bangles-work-areaWhat You Need

Metal bottle caps
Piece of Wood
Hammer
Large nail with a head
Safety Goggles

 

Safety First

Although this is a reasonably safe and easy project, it’s always a good idea to use caution.  Wearing safety goggles means that your eyes and face are protected if you accidentally hit the cap too hard and it bounces off the wooden work surface. In general, a good tip for this project is to use the hammer slowly and gently, tapping repeatedly until you get the desired results.

Set Up A Work Area

Set the piece of wood down either on the floor, the ground or a sturdy table.  Place the metal bottle cap (cap-side-up) and then position the large nail above it, directly in the center.  Gently tap until the nail has pierced the cap and reached down into the wood.  This creates the hole that will allow you to thread it onto whatever you are making.

Next, With cap-side-down, next gently strike all the edges of the bottle cap until it slowly flattens.  This can take 15, 20 or more gentle taps with the hammer.

bangles-from-bottle-capsNext, turn the bottle cap over.  Continue to tap the outer edges and the inner circle until all the sharp edges are flattened and pressed into the cap’s surface.  Although some recycled projects use the bottle caps in their original form – such as the wooden sistrum from Africa seen below – flattening the bangles makes them safer to handle and use in any project.

If you’re doing this project with very small children, you might wish to create the bangles in advance and focus more on how the children can string the bangles plus other rattling objects onto their craft instrument.

giveaway-wooden-sistrum-africaWondering what else you could add to a tambourine or sistrum project?  In addition to bottle cap zils, you can add paper clips, buttons, jingles, beads or pull tabs from soda cans.  Remember, while you’re reducing, reusing and recycling, you’re also teaching kids to limit their use of resources but never limit their imagination or creativity!

And that’s a win/win for everyone!

Links and Resources

Color An Ancient Egyptian Sistrum  https://www.teacherspayteachers.com/Product/Color-An-Ancient-Egyptian-Rattle-The-Sistrum-2166721

Ancient Instruments – Make Your Own Egyptian Sistrum https://www.teacherspayteachers.com/Product/Ancient-Instruments-Make-Your-Own-Egyptian-Sistrum-Rattle-1617163

Ancient Instruments From The Middle East, Kids Mini-Lesson https://www.teacherspayteachers.com/Product/Ancient-Instruments-From-The-Middle-East-Mini-Lesson-2127995

Sing A Song For Earth Day In Spanish

Screen shot 2016-04-11 at 11.44.18 AMMusic is such a wonderful way to promote learning languages and bilingualism. If you’re celebrating Earth Day, here’s a fun way of combining caring for our planet with expanding your language skills in Spanish.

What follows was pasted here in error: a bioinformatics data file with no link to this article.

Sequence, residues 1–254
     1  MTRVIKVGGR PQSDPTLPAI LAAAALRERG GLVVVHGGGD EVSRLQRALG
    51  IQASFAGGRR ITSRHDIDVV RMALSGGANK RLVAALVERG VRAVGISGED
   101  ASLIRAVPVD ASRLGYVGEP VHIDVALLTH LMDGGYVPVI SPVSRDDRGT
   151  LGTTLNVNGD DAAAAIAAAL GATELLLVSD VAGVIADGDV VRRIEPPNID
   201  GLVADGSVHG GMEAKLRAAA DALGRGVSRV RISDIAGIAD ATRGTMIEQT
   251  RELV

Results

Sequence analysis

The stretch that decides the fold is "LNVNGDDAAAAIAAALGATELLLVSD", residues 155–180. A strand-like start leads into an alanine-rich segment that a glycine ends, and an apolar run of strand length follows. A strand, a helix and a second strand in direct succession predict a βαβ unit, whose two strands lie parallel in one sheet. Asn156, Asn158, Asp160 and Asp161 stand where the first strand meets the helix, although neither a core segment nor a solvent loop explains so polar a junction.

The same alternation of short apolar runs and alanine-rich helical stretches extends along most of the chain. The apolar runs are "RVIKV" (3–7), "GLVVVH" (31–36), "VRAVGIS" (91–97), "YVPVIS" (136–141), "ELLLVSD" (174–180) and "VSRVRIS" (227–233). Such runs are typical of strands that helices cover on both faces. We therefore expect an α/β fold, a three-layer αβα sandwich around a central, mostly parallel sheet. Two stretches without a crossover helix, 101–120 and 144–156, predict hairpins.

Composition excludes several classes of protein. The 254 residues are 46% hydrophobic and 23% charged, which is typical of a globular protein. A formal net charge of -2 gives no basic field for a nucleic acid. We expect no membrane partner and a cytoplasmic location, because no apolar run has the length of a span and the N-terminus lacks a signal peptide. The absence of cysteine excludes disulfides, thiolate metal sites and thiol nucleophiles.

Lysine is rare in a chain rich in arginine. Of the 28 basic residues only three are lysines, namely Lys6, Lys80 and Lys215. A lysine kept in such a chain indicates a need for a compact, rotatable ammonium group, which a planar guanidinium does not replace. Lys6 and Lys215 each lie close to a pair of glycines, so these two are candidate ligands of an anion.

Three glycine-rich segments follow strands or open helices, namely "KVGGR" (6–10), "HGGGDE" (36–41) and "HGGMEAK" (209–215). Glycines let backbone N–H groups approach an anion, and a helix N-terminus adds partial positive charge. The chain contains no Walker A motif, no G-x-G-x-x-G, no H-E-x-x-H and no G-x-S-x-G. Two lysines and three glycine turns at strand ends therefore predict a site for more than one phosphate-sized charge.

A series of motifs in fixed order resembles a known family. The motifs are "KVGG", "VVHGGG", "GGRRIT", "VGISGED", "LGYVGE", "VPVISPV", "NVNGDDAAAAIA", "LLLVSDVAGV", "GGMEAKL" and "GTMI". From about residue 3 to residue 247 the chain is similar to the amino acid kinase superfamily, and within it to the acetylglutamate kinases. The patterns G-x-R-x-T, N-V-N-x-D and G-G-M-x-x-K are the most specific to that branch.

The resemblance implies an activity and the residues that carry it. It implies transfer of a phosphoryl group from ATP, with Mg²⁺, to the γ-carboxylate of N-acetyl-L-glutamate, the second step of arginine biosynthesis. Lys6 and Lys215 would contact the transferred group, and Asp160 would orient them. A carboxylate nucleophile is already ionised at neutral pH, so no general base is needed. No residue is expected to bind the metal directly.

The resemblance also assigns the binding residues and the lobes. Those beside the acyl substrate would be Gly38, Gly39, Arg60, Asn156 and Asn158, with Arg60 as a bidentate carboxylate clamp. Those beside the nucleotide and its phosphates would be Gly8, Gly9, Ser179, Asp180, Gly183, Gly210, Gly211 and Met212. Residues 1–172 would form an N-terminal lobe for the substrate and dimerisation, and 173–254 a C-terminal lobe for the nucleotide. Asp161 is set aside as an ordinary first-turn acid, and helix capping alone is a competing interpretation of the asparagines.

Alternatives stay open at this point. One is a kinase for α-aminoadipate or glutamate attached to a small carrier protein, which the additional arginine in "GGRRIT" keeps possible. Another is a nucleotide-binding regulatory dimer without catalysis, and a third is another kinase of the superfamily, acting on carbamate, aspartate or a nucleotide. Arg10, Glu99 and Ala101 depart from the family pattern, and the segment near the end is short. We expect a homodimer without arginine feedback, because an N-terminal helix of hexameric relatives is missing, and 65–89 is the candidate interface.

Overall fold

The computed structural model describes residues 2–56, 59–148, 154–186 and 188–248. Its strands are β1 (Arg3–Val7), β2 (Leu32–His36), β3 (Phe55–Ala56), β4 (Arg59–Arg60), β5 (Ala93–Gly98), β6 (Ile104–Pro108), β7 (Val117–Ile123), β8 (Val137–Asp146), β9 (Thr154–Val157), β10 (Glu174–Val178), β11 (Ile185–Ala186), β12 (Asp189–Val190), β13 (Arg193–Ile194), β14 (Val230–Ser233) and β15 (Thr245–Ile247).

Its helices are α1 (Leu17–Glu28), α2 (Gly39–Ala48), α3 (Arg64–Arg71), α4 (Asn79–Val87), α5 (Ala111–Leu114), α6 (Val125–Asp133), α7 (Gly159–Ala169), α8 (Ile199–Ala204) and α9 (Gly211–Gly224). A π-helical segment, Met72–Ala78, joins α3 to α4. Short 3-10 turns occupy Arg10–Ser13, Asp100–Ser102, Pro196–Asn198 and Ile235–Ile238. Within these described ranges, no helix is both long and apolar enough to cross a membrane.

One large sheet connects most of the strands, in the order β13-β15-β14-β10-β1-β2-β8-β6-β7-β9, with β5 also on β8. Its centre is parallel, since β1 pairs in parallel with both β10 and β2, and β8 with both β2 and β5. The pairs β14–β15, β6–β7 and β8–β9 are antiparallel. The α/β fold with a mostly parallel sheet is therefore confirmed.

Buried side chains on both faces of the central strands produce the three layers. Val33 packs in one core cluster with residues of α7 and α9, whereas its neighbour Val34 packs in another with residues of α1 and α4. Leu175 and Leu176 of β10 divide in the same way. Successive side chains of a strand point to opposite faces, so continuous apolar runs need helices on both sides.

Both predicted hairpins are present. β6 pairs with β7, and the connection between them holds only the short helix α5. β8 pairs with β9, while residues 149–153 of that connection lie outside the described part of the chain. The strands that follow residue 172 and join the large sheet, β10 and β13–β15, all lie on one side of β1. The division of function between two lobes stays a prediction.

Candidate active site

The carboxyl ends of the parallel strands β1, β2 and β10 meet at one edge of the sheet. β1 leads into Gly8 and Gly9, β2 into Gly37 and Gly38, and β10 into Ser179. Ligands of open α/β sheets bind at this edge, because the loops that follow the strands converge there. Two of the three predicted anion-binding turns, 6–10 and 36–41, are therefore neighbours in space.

The song is based on “We’ve Got The Whole World In Our Hands”, an Earth Day anthem heard all over the world.  But if you haven’t heard it yet, make sure you get your free mp3 download at the links below or cruise over to the videos and hear it yourself.

Spanish Language Cheat Sheet

Thanks to the translation skills of a wonderful bilingual mom – Cecelia Fencer – here’s the Earth Day song in Spanish.

If you’re unfamiliar with Spanish, here’s some of the recurring words with their English translations.

Tenemos – We Have

Todo El Mundo – The Whole World

Manos – Hands

Reciclar – Recycle

Tierra – Earth

Plantas – Plants

Animales – Animals

Hermanos – Brothers

Sueños – Dreams

Tenemos Todo El Mundo En Nuestras Manos

New version of lyrics in English/c 1994 Daria Marmaluk-Hajioannou
c 2104 Spanish translation Cecelia Fencer

Tenemos todo el mundo en nuestras manos.
Tenemos todo el mundo en nuestras manos.
Tenemos todo el mundo en nuestras manos.
Tenemos todo el mundo en nuestras manos.

Debemos reciclar, ahora que podemos.
Reducir, reusar y reciclar
Reducir y reciclar ahora que podemos.
Tenemos al mundo en nuestras manos.

Tenemos plantas y animales en nuestra tierra,
plantas y animales en nuestra tierra.
Tenemos plantas y animales en nuestra tierra.
Tenemos al mundo en nuestras manos.

Tenemos todo el mundo en nuestras manos.
Tenemos todo el mundo en nuestras manos.
Tenemos todo el mundo en nuestras manos.
Tenemos todo el mundo en nuestras manos.

Tomemonos de las manos, como hermanos.
Tomemonos de las manos como hermanos.
Tomemonos de las manos como hermanos,
tenemos al mundo en nuestras manos

Encuentra tus sueños y haz lo que puedas,
ten tus anhelos y lucha por ellos.
Encuentra tus sueños y haz lo que puedas,
tenemos al mundo en nuestras manos.

Tenemos todo el mundo en nuestras manos.
Tenemos todo el mundo en nuestras manos.
Tenemos todo el mundo en nuestras manos.
Tenemos todo el mundo en nuestras manos.

Links and Resources

Lyric Sheet – We’ve Got The Whole World In Our Hands (English) http://www.dariamusic.com/wholeworld.php

Write Your Own Earth Day Song http://www.tinytappingtoes.com/classroom-music/sing-your-own-earth-day-song/

Earth Day CD and CD Plus 10 Recycled Activities: https://www.teacherspayteachers.com/Product/EARTH-DAY-CD-PLUS-E-BOOK-OF-10-RECYCLED-MUSICAL-ACTIVITIES-658096

DARIA’s free resources for Earth Day  http://www.dariamusic.com/earthday.php

Official Earth Day Site: http://www.earthday.org/

Sing Your Own Earth Day Song!

small hands change the worldMany years ago, I wrote a simple parody of the beautiful song “He’s Got The Whole World In His Hands” and I’m proud to say that it has since become an Earth Day anthem used all over the world.

From Singapore to South America, from Scotland to China and all across the USA, people are humming this familiar tune and have added new verses about what it means to care for and protect the Earth.

Although you can see the recorded lyrics and video below, I’d love to encourage you to write your own version. The chorus is oh-so-simple:

We’ve Got The Whole World In Our Hands